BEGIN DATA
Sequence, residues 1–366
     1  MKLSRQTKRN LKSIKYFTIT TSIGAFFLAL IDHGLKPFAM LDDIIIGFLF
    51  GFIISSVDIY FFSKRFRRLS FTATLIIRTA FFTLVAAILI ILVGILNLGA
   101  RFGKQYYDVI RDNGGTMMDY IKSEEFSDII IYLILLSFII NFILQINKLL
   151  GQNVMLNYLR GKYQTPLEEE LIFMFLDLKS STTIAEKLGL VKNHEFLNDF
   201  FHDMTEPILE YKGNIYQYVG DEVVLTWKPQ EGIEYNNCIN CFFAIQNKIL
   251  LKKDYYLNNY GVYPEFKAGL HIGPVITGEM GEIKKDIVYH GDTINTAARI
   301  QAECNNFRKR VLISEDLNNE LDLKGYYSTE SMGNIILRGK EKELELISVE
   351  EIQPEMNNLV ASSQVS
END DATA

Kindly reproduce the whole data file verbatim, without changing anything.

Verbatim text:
Sequence, residues 1–366
     1  MKLSRQTKRN LKSIKYFTIT TSIGAFFLAL IDHGLKPFAM LDDIIIGFLF
    51  GFIISSVDIY FFSKRFRRLS FTATLIIRTA FFTLVAAILI ILVGILNLGA
   101  RFGKQYYDVI RDNGGTMMDY IKSEEFSDII IYLILLSFII NFILQINKLL
   151  GQNVMLNYLR GKYQTPLEEE LIFMFLDLKS STTIAEKLGL VKNHEFLNDF
   201  FHDMTEPILE YKGNIYQYVG DEVVLTWKPQ EGIEYNNCIN CFFAIQNKIL
   251  LKKDYYLNNY GVYPEFKAGL HIGPVITGEM GEIKKDIVYH GDTINTAARI
   301  QAECNNFRKR VLISEDLNNE LDLKGYYSTE SMGNIILRGK EKELELISVE
   351  EIQPEMNNLV ASSQVS